Cooking Chigwada Cassava Leaves


Mwizenge S. Tembo, Ph. D.

Emeritus Professor of Sociology

The traditional Tumbuka cooking of Chigwada vegetable ndiyo, dende, relish or umunani involves many stages. These were followed when I cooked the Chigwada as “The Village Chef” at the Mwizenge Sustainable Model Village with the help of two Research Assistants; Mr. Robert Phiri and Ms. Jusi Nya Banda.

Two of some if the most important utensils in traditional Zambian cooking the; the mthiko cooking stick and the chihengo container.

Stages of Cooking Chigwada

You start with making chidulo, second collect fresh tender Chigwada or cassava leaves, third pound the leaves with a pestle and mortar, fourth pour the chidulo into a cooking pot and put the mashed-up leaves into a cooking pot and place it on the fire. Boil the Chigwada for half an hour and add nthendelo, nthwilo or raw fresh groundnut powder. Add salt and any tomatoes. Boil covered for half an hour.  Stir every few minutes to avoid burning at the bottom. Add some water if the Chigwada seems to be thickening. After half an hour, stir the nthendelo in the chikwada. After cooking for two and half hours, the Chigwada is ready to serve and eat with sima or nshima. I will critique my cooking of the Chigwada and the taste compared to how my grandmother and my mother used to cook it.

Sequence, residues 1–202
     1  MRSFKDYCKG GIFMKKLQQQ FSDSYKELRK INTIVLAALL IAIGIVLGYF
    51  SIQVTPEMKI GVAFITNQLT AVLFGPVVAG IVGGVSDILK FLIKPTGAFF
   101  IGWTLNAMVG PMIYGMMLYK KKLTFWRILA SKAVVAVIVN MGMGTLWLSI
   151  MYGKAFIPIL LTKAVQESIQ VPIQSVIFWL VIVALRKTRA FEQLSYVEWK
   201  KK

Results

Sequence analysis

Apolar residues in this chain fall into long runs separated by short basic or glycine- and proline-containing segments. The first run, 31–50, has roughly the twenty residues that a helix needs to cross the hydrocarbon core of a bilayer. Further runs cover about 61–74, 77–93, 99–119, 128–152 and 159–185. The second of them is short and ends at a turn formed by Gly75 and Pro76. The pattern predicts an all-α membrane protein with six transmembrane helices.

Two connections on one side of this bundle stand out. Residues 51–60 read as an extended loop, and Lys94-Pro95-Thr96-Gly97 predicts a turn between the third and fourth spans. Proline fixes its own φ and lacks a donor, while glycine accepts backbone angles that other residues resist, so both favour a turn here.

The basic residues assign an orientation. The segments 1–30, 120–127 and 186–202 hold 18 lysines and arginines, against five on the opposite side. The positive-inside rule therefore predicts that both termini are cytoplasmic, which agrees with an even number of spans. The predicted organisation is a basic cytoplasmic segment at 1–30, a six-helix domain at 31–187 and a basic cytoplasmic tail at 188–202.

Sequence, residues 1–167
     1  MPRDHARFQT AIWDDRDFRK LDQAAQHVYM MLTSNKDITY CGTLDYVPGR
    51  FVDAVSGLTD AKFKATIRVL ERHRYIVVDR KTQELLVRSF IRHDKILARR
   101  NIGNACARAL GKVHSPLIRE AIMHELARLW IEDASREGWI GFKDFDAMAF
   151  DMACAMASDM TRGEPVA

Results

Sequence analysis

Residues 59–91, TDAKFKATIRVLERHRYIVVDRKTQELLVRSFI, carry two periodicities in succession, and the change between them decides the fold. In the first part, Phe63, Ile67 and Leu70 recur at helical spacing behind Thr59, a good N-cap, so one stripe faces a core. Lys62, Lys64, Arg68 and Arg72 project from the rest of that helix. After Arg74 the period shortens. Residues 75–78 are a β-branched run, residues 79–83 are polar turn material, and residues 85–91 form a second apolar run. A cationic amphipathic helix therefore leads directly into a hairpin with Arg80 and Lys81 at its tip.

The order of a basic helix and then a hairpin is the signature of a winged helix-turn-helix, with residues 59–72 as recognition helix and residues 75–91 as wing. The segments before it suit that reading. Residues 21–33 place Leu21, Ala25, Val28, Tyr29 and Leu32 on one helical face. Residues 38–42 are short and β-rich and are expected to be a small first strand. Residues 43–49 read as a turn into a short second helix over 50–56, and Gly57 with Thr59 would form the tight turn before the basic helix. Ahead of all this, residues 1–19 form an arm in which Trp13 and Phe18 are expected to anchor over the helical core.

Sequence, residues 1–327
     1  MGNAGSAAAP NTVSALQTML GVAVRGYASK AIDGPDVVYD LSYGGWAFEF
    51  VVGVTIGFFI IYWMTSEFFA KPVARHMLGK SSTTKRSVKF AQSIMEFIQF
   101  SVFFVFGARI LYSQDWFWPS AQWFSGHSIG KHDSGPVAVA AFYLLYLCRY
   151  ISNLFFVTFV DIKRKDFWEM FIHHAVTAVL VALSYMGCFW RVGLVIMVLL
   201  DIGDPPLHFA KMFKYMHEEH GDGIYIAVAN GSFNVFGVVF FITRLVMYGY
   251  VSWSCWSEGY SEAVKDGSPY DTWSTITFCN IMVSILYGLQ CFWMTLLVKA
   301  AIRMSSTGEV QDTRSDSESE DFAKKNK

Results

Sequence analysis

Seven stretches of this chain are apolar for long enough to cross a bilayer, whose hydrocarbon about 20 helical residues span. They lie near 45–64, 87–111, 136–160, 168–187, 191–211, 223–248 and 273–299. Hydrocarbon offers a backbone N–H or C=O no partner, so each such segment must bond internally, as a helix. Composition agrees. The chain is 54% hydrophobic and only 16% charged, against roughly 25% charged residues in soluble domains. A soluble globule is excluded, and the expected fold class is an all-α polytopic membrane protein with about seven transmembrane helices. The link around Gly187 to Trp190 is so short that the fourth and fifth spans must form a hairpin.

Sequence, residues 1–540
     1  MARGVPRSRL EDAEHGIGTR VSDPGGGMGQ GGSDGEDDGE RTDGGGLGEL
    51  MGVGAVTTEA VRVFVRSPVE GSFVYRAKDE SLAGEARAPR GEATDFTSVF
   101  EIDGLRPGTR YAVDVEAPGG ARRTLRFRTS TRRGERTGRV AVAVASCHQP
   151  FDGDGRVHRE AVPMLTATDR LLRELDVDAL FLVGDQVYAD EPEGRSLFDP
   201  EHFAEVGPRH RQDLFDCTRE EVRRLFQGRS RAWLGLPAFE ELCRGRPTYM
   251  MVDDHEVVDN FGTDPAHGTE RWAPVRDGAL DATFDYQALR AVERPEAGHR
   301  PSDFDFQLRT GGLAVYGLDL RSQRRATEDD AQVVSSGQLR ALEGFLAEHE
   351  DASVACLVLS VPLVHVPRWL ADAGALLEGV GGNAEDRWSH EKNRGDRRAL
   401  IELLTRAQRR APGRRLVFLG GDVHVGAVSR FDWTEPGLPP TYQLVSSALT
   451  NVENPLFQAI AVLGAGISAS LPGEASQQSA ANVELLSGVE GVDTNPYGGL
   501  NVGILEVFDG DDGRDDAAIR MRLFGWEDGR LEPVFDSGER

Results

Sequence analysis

Collecting the chigwada or cassave leaves

1.     Chidulo is made from a choice of many dry leaves of a farm field crop. The chidulo can be made from dry maize stalks, from vitondozo vya skaba or stalks of dry groundnut leaves, dry banana leaves, dry groundnut shells, dry bean plant leaves and shells, dry visokoto from maize. In this case I decided to use the dry stalks of the maize which was about to be harvested. We set a pile of the stalks on fire and collected the cool ashes.

Putting the cassava leaves in a mortar.
Pounding the leaves with a pestle

2.     The ashes were put in chichezo container which had holes made at the bottom. The ashes were placed in the container and cold water was poured into the ashes. Soon, a dark  golden brown liquid began to drip out at the bottom which was collecting in a container at the bottom.

3.     We collected about 2 lbs or 1 Kg of fresh soft or tender Chigwada leaves from the trees. Put them in a mortar and pound the leaves until they are a wet moist mash.